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If you like downloading or installing programs on your PC related to XBox gaming, you might want to take note of this writeup. There’s a DIY kit in circulation that allows an attacker to create a website claiming to be an XBox Live application for your computer. We’ve grabbed the kit and had a poke around inside to see how this operates – all it takes is two pages of HTML, a fake graphic and a Java archive to set this one in motion. This is the kit in question:

Upon visiting any site related to this scam, the end-user will see a blank webpage with nothing other than a Java notice and a fake Softpedia award at the bottom of the screen:

fake xbox applet website

After a second or two, things become a little more lively with a splash page claiming “the application is loading”:

loading the fake xbox application

At this stage, the end-user will be presented with the following Java Application Digital Signature Permission Screen:

xbox java app popup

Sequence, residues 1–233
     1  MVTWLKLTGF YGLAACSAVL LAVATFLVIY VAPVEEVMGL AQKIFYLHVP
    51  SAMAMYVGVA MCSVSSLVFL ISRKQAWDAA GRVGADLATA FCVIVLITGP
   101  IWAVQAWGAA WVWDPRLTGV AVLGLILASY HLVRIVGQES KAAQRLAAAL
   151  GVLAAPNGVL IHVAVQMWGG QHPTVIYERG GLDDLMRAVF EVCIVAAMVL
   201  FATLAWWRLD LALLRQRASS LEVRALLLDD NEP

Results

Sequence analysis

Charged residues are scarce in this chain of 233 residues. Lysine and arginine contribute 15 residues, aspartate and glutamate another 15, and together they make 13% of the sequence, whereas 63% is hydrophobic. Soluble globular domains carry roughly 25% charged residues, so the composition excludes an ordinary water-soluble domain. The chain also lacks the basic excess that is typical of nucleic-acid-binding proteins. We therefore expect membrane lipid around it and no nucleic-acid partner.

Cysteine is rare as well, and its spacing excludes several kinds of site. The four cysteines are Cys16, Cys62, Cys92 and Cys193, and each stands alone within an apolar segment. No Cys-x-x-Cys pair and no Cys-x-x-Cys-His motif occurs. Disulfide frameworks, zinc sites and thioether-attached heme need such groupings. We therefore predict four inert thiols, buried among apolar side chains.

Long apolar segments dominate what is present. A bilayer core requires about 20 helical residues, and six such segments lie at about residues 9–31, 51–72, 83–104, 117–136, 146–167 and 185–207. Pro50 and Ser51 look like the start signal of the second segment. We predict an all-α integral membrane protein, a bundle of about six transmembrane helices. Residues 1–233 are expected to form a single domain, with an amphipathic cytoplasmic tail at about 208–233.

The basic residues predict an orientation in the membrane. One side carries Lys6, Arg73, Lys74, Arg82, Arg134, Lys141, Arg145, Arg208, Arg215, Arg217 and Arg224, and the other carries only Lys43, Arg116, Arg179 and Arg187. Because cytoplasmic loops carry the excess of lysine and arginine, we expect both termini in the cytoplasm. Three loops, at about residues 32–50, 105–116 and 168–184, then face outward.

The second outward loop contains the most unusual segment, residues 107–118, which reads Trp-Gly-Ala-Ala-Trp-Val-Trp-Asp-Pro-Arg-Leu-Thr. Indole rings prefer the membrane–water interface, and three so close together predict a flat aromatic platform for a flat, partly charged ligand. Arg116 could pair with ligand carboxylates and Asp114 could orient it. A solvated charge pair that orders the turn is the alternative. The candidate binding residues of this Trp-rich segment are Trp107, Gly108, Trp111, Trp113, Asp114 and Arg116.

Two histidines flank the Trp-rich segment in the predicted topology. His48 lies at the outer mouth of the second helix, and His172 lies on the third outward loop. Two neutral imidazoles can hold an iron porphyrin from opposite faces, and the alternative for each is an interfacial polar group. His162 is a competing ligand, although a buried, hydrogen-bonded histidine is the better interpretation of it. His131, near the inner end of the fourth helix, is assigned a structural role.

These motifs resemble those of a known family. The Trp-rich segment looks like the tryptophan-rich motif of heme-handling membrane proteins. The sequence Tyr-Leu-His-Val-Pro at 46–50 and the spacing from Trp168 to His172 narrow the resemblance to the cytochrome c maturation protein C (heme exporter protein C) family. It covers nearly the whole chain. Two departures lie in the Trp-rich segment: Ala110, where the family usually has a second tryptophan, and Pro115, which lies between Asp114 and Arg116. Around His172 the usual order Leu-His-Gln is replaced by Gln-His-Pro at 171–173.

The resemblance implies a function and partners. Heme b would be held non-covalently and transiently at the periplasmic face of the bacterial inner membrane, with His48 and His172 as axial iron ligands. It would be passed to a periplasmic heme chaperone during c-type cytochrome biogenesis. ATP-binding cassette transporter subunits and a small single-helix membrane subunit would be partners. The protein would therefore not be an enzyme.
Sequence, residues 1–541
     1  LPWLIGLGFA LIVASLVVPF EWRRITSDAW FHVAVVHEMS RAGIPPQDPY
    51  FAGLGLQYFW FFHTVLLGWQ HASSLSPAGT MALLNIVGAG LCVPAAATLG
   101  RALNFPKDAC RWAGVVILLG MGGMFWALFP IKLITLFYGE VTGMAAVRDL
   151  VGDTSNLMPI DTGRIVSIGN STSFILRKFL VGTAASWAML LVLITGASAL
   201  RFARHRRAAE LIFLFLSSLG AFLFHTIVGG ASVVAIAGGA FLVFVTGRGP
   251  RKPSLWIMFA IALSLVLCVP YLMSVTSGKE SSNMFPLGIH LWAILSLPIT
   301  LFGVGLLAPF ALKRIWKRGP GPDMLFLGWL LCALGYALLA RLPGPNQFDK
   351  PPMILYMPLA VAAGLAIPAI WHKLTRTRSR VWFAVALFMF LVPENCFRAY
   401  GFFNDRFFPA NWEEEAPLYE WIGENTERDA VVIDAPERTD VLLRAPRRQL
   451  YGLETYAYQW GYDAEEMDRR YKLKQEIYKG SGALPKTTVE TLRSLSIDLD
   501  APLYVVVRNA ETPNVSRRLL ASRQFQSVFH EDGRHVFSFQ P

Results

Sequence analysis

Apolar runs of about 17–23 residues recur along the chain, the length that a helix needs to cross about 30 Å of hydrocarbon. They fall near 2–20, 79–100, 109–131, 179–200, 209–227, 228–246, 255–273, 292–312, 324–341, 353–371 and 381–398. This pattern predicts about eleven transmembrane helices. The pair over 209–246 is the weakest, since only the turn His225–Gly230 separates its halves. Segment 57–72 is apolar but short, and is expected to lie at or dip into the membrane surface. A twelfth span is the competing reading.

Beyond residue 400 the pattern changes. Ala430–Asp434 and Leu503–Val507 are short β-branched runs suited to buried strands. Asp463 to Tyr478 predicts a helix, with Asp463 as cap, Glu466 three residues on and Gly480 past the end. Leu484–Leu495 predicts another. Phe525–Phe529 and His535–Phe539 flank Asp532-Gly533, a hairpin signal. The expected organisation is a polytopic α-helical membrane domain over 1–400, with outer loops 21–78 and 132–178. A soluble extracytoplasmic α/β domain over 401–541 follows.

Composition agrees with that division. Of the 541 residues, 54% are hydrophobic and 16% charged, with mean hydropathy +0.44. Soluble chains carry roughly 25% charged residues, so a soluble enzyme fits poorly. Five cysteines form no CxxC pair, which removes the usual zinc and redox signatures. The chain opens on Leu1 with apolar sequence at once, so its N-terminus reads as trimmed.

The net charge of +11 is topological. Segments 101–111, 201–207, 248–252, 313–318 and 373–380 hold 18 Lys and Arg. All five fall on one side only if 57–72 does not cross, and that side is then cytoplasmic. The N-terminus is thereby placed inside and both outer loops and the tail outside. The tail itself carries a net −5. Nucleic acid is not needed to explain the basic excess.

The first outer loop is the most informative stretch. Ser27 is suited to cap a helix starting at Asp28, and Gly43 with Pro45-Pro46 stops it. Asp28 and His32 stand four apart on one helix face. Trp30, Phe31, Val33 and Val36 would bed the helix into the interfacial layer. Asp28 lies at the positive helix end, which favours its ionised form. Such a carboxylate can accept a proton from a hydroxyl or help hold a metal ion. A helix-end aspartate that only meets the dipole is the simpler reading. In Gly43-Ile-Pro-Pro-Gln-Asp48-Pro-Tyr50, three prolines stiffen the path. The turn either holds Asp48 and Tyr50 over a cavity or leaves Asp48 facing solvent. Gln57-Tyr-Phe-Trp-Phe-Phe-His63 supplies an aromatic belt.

Note that they list the publisher as “Microsoft”, which is always going to make potential victims a little bit easier to trick into hitting the Run button. As a counterbalance, notice also the message in large text that reads “The application’s digital signature cannot be verified. Do you want to run the application?”

The smart answer, of course, is “no”.

If the end-user hits “Run”, the applet will download whatever file it’s configured to grab then execute it. At this point, things have gone horribly wrong for all concerned (apart from the creator of the fake application page).

If we download the file offered up by the above prompt separately, we can see that the end-user installs a file that looks a little bit like an art program.


It isn’t an art program.

After running the above file, the end-user will find “Crypted.exe” in their Temp folder. This is actually something called Trojan-PWS.Win32.Fignotok.A, a password stealing program that targets applications such as Firefox, Steam, DynDNS and various IM clients.

It’s worth remembering that the DIY kit allows the attacker to change the infection file offered up by the applet to be anything they desire. Talking about unsigned applets and hijack files is making me feel a little bit 2005, but I guess what goes around comes around.

* ALWAYS be cautious when presented with an unknown application. Don’t just run it; go Google it first and see if anyone else even mentions it.

* In the same spirit, be very wary of unsigned applications on random websites you’ve never heard of.

* Anyone can grab an award badge from a website and claim they’re the “Best thing ever”.

We detect the executable launched by the applet as Trojan.Win32.Generic!BT. Thanks to Adam Thomas from Sunbelt’s Malware Research Team for additional testing.

Christopher Boyd .